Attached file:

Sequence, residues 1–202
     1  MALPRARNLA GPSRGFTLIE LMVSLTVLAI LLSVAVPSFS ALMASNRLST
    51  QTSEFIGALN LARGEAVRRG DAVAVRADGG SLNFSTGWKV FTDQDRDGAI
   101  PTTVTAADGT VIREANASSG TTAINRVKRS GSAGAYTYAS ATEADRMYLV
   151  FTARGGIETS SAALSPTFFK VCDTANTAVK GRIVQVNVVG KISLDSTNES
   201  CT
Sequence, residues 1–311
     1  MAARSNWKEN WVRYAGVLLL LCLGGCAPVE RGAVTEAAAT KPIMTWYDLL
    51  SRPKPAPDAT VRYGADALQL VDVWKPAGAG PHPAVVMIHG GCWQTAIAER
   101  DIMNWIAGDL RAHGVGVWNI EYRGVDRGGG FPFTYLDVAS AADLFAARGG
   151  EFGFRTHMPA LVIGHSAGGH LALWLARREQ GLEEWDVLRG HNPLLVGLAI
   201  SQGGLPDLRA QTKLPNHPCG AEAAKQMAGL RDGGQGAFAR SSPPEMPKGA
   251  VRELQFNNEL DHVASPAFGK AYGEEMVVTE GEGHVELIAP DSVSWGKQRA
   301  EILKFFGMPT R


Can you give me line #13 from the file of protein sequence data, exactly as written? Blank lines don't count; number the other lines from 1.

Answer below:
   251  VRELQFNNEL DHVASPAFGK AYGEEMVVTE GEGHVELIAP DSVSWGKQRA